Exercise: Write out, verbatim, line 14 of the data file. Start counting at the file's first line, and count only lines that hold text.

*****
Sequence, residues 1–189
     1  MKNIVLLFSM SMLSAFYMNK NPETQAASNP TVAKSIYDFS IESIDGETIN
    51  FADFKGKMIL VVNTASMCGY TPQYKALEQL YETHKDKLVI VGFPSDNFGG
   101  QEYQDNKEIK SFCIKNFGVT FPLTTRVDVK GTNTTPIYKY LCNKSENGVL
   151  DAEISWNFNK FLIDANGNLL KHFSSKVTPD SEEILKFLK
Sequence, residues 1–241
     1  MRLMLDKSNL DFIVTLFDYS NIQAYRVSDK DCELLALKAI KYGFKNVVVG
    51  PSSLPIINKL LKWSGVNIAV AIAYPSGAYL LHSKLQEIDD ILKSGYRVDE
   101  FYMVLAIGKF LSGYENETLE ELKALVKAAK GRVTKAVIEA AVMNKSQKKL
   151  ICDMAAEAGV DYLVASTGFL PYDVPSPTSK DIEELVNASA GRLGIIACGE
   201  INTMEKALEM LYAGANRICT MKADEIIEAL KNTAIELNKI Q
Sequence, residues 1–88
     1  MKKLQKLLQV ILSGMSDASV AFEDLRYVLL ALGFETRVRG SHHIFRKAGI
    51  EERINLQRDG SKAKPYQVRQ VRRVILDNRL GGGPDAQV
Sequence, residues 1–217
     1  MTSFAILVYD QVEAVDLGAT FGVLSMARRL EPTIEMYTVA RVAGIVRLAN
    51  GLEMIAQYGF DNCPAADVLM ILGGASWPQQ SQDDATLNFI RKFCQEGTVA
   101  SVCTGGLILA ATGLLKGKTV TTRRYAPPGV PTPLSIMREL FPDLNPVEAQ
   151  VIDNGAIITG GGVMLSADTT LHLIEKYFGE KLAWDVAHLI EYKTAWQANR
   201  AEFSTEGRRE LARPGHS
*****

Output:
    51  EERINLQRDG SKAKPYQVRQ VRRVILDNRL GGGPDAQV